An initial, important stage in composition is the intensive study of each individual found and selected noise and sound. The most important question at this stage is: which naturally existing and which potential, artificial consistency is held by each individual sound in the initially inaudible, molecular interior of its microstructure? Therefore, noises and sounds are recorded with a digital sampler. Delving into the smallest molecular region, the sampler is able to put at the disposal of the sound artist single particles of the inner structure of this noise-sound matter for artistic development. With these ‘abstract machines’ – to quote a concept of the French philosophers Deleuze/Guattari – we carried out, as it were, what we called an ‘EndoSonoScopy’ of the individual sound materials to take single sound tests (so-called samples or fragment-patterns) from the organic sound web. Here the samplers serve as audio-microscopes with a complex of interfaces, which enter the organic sound structure in order to record and split their variations into molecules. These are then artistically transformed in a further operation.
Previously imperceptible inner-polyphonies and harmonic sound-fields of unfolding inner resonance spaces now become audible. What occurs is, as it were, a revealing and exteriorising of the inner intensities of the respective sounds.
All of this was ‘preparatory’ work carried out according to a quasi scientific approach of the observer and researcher; only now does it become interesting for the actual artistic composition process. The next stage is to produce an artificial consistency by means of the most varied artificial transformations of the previously carefully selected sound materials.
The artificial consistency formation as a symbiotically-fluorescing ‘animal-nature-noise- becoming’ of sound succeeds here all the more when the animal, nature, noise becomes something ‘other’: pure line, pure colour, pure rhythm, pure movement, pure figure… pure condition.
Furthermore, so-called ‘artificial sound milieux’ are formed in a quasi acoustic amalgamation process. That is, a temporarily existing, specific mixture of sound substances and particles creates a symbiotic diversity of dynamically driven SoundEnergyStructures by means of self-impelled, proliferating self-intensifying loops – always starting from the middle (mi/middle lieu/place).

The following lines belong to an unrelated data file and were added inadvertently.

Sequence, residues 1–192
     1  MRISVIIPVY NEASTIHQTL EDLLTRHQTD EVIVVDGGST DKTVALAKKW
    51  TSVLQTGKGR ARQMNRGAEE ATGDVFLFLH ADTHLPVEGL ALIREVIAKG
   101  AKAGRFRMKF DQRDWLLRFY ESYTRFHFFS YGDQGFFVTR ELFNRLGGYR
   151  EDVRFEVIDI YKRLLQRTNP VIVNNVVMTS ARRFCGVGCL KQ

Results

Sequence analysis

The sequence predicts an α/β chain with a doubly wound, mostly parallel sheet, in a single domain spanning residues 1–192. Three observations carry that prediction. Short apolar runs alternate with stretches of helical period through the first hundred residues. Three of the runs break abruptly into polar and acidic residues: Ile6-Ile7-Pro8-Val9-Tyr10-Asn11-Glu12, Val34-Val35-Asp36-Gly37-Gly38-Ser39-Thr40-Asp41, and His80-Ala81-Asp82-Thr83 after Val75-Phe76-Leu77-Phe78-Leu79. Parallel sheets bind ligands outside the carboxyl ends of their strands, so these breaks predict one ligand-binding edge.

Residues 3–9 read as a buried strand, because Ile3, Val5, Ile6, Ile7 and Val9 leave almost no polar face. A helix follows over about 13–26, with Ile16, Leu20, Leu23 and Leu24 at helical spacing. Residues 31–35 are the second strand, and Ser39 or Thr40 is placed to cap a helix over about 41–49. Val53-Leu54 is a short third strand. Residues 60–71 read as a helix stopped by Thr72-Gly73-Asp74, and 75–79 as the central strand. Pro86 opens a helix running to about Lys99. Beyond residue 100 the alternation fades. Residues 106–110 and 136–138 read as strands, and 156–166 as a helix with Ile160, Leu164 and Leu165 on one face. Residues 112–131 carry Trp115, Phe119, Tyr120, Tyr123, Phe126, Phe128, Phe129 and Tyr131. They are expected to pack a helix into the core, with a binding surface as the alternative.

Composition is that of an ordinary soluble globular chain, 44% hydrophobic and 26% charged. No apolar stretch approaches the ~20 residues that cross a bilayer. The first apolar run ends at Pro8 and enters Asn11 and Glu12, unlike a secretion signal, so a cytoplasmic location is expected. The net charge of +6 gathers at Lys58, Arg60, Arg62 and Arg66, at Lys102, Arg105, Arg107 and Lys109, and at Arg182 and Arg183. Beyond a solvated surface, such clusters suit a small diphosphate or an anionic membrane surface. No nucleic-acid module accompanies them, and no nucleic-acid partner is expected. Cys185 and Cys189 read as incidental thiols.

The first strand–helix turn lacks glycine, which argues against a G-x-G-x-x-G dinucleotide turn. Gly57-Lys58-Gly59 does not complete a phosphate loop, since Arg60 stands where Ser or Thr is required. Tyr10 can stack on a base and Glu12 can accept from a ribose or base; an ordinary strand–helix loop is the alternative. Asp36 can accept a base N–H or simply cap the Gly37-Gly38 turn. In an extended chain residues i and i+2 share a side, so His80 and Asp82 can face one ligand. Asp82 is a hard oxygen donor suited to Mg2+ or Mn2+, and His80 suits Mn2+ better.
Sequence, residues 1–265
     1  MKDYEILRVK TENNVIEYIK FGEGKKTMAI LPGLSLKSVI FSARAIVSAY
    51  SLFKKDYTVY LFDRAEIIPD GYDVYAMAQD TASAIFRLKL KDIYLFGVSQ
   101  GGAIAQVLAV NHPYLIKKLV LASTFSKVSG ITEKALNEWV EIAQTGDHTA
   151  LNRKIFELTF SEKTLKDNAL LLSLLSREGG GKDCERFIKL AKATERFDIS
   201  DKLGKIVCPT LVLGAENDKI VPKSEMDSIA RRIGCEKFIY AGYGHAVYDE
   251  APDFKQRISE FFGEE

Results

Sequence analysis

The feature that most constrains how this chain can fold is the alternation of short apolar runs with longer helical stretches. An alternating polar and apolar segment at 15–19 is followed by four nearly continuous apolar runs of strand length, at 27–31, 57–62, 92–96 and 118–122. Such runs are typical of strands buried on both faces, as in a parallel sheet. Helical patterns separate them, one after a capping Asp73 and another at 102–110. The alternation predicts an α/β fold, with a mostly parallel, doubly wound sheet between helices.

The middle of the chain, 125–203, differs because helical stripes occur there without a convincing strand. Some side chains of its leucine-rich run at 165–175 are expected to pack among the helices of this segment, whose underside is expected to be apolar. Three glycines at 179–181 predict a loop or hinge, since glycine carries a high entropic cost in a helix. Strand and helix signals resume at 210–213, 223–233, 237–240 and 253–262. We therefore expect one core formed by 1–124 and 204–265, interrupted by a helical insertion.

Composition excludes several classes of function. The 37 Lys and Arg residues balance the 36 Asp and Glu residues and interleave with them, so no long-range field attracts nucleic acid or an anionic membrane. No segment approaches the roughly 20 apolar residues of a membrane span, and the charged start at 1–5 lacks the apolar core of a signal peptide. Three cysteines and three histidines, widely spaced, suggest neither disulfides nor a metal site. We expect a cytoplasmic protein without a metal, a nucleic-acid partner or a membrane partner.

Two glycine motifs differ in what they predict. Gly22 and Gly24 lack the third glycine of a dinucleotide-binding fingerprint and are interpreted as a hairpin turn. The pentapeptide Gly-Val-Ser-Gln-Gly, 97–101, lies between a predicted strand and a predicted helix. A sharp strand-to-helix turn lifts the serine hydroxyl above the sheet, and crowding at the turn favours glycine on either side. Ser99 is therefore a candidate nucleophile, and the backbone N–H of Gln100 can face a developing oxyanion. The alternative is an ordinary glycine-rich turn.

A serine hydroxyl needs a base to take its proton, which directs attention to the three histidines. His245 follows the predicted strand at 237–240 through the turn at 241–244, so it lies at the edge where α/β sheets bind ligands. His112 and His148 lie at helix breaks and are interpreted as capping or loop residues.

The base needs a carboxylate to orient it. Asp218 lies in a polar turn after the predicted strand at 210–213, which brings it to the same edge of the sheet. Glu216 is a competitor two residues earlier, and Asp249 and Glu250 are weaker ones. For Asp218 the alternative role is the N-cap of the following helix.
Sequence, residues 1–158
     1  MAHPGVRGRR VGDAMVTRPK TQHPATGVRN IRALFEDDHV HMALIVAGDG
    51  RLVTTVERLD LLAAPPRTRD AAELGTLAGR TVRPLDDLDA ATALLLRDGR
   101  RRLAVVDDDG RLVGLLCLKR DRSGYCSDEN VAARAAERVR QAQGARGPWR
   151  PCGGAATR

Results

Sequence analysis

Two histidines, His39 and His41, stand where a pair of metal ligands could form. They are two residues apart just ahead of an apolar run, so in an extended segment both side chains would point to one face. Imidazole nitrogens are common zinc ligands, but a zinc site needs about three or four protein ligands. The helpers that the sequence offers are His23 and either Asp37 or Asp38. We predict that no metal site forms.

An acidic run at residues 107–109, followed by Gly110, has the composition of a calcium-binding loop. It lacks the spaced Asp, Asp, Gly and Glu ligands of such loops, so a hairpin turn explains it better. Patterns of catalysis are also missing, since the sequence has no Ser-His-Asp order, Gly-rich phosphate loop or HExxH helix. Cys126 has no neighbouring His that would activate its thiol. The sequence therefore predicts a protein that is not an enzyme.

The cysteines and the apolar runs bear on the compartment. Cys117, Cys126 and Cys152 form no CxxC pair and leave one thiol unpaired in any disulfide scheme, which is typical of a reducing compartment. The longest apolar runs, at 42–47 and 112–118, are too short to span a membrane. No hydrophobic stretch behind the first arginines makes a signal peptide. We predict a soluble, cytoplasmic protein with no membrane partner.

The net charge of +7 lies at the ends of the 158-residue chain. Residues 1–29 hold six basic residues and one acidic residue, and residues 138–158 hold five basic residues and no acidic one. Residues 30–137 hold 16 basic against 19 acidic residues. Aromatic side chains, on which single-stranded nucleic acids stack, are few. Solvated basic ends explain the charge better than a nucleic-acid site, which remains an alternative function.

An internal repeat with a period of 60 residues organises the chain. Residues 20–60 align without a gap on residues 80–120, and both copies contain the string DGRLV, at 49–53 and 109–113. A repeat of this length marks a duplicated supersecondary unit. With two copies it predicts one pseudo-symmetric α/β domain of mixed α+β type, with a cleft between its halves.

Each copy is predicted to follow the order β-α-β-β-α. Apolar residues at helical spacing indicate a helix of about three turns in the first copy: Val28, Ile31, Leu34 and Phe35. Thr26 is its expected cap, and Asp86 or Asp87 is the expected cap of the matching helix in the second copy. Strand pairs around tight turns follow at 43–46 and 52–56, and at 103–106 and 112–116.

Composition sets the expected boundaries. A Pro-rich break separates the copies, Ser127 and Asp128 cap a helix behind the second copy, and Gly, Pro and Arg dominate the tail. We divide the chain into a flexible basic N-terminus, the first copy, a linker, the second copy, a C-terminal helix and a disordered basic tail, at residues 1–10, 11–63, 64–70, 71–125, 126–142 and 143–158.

Another essential aspect of this microscopy of sound and noise is the dissolving of each particular sound’s semantic meaning. Whereas, at its original pitch, the sound was identifiable as something ‘definite’, for example a frog or a toad, it moves further away from its original semantic character the stronger the augmentation degree is. One could also say that the subjective substantial matter of the original sound transforms into a desubjectivised expressive matter of transformed fragment patterns. Intermediary stages during changing consistencies are formed, between concrete and abstract, natural and artificial and so on.
Thus, the artificial soundscape appears as an ensemble of desubjectivised expressive matter in the artistically layered sound system of the horizontal, rhythmic-melodic sound figure and the vertical, resonant-harmonic sound-space.
III. The five most important types of Space-soundInstallations
Over several years different types of Space-soundInstallations have crystallised and developed – due to, amongst other things, different performance situations. The five most important types will be illustrated below:
- The Space-soundObject
- The circumambulatory Space-soundBody
- The enterable Space-soundBody
- Concert Space-soundBody
by Ralf Nuhn and John Dack
There is, of course, no compulsion for artists ever to write about their practice. The histories of all the arts have bodies of artworks with little or no corroborating evidence from those who produced them. The theory is there, of course, but it is in the work and we must disentangle it if we choose to analyse the work. However, since the beginning of the last century and the institutionalisation of art there has been a marked increase in texts written by practising artists who want to (or feel obliged to) communicate the processes and underlying aesthetics of their work. These might be texts written to emphasise a personal role in an art-form’s historical development – how many claim to have “invented” minimalism or conceptual art, for example? Other authors are deliberately polemical such as the young Boulez condemning as “useless” all those who failed to recognise the necessity of serialism. Some, due to their role as teachers theorise their practice within a pedagogical framework. For the theoretician or critic all these writings provide valuable source material. Any form of self reflection will almost certainly be appropriated by the academic community as an invaluable research resource. It is an important way in which intellectual and aesthetic discourses are created and sustained.
The sound installation categories of <sabine schäfer // joachim krebs> described in the article have been developed in the context of their own unique and original practice. The absence of references to other artists indicates neither unfamiliarity with the world of installation art, nor excessive introspection. As artists who write about their work, their principal responsibility in this article is to provide a coherent account of their own practice. Our role as translators is to render the text accurately into English. However, due to our close contact with the text and its authors, a secondary contextualising role has emerged. Once a typology has been suggested it is available to everyone and can be used with or without modifications to see if additional works can be included within its categories. Some will be placed easily, others will resist inclusion. Both results can be informative.